Voters in Delaware made their pick for president while holding negative views about the country's direction, according to an expansive AP survey of the American electorate.
The race between President Donald Trump and Democratic rival Joe Biden concluded Tuesday as the nation remains in the throes of a global public health crisis and mired in the economic downturn it brought on. AP VoteCast found that 36% of Delaware voters said the U.S. is on the right track and 64% of voters said it is headed in the wrong direction.
Here's a snapshot of who voted and what matters to them, based on preliminary results from AP VoteCast, a nationwide survey of about 133,000 voters and nonvoters -- including 1,055 voters and 141 nonvoters in Delaware -- conducted for The Associated Press by NORC at the University of Chicago.
TRUMP VS BIDEN
In the race for president, Both voters under 45 and older voters were more likely to favor Biden over Trump.
Both voters without a college degree and college-educated voters were more likely to prefer Biden.
Suburban voters were more likely to favor Biden over Trump. Voters in small towns and rural areas were split between Trump and Biden.
RACE FOR SENATE
In the race for U.S. Senate, Both voters under 45 and older voters were more likely to prefer Christopher Coons over Lauren Witzke.
Both voters without a college degree and college-educated voters were more likely to favor Coons over Witzke.
Suburban voters were more likely to support Coons but voters in small towns and rural areas were split.
RACE FOR GOVERNOR
In the race for governor, Both voters under 45 and older voters were more likely to back John Carney over Julianne Murray.
Both voters without a college degree and college-educated voters were more likely to favor Carney.
Suburban voters were more likely to prefer Carney but voters in small towns and rural areas were divided between Carney and Murray.
FACING THE PANDEMIC
The coronavirus pandemic has spread through the U.S. for roughly eight months, killing more than 230,000 Americans. Overall, 18% of voters said the virus in the U.S. is completely or mostly under control, and 28% said it’s somewhat under control. Fifty-five percent of voters think the coronavirus is not at all under control in this country.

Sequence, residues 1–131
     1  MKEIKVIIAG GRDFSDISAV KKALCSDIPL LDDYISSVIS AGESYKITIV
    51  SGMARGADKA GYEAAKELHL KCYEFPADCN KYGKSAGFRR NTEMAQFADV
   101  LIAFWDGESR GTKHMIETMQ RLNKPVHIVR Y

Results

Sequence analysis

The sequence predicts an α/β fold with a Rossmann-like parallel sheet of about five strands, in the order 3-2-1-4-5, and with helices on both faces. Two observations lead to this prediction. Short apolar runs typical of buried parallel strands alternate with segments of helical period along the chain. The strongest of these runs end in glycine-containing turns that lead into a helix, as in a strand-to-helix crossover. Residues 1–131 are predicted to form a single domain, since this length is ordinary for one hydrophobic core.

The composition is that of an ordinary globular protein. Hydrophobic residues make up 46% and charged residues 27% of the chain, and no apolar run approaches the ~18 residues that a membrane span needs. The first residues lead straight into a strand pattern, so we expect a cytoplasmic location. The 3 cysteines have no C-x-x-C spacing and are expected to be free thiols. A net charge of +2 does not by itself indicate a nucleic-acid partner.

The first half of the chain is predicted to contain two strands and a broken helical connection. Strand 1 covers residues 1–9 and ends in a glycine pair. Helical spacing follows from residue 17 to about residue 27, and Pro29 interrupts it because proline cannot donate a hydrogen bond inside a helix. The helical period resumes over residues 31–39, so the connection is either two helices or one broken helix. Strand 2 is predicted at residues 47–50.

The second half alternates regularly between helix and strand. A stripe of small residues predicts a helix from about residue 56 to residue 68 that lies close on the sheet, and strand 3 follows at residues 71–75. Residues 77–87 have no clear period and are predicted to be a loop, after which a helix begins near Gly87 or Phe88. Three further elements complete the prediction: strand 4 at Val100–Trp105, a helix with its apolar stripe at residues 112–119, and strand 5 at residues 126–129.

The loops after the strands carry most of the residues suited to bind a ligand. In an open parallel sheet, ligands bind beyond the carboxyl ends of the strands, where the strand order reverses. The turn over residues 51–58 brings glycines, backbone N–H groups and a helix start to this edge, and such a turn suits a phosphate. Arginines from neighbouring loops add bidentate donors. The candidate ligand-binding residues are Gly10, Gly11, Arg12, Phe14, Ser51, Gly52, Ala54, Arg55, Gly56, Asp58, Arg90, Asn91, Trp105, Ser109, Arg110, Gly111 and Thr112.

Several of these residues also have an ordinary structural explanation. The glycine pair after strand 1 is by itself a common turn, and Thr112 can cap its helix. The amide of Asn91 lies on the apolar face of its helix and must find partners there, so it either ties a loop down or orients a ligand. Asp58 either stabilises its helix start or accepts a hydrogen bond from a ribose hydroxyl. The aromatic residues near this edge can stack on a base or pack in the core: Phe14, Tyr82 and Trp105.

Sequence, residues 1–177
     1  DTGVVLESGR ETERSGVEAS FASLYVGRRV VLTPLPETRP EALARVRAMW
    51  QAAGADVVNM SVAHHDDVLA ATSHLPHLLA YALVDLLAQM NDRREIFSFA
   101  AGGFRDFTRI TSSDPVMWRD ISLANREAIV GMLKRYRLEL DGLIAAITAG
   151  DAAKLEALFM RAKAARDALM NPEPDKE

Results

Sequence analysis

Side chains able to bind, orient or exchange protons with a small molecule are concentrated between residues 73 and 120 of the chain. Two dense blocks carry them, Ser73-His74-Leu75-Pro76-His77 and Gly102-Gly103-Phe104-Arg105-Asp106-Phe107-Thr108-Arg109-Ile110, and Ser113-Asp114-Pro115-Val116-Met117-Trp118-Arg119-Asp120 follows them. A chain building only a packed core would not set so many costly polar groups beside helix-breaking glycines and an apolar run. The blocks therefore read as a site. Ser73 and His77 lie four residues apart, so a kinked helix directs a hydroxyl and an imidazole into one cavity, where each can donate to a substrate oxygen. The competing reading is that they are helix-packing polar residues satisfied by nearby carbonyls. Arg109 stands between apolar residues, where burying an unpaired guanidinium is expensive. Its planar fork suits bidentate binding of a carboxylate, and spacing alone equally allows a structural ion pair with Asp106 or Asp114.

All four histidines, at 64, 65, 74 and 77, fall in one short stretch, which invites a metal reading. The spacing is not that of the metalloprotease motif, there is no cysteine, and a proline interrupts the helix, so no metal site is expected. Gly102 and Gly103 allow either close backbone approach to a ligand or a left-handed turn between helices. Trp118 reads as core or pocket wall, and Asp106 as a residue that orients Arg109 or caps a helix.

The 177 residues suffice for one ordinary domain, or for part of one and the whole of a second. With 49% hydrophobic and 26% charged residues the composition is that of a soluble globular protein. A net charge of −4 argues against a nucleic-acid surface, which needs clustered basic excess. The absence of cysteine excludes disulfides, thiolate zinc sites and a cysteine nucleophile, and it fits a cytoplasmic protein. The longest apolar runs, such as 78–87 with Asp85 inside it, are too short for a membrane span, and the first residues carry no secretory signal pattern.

ON THE ISSUES
The coronavirus pandemic was top of mind for many voters in Delaware. Forty-four percent said it is the most important issue facing the country today.
Voters also considered the economy a major issue, with 25% saying it ranked at the top.
Nine percent named racism, 8% named health care and 4% named immigration.
Voters were more negative than positive in their assessments of the nation's economy. Overall, 44% described economic conditions in the U.S. as excellent or good, and 56% called them not so good or poor.
AP created this story automatically using results from AP VoteCast, a survey of the American electorate conducted by NORC at the University of Chicago for Fox News, NPR, PBS NewsHour, Univision News, USA Today Network, The Wall Street Journal and The Associated Press. The survey of 1,055 voters in Delaware was conducted for eight days, concluding as polls closed. Interviews were conducted in English and Spanish. The survey combines a random sample of registered voters drawn from the state voter file and self-identified registered voters selected from nonprobability online panels. The margin of sampling error for voters is estimated to be plus or minus 4.3 percentage points. Find more details about AP VoteCast's methodology at https://ap.org/votecast.
For AP's complete coverage of the U.S. presidential elections: https://apnews.com/hub/election-2020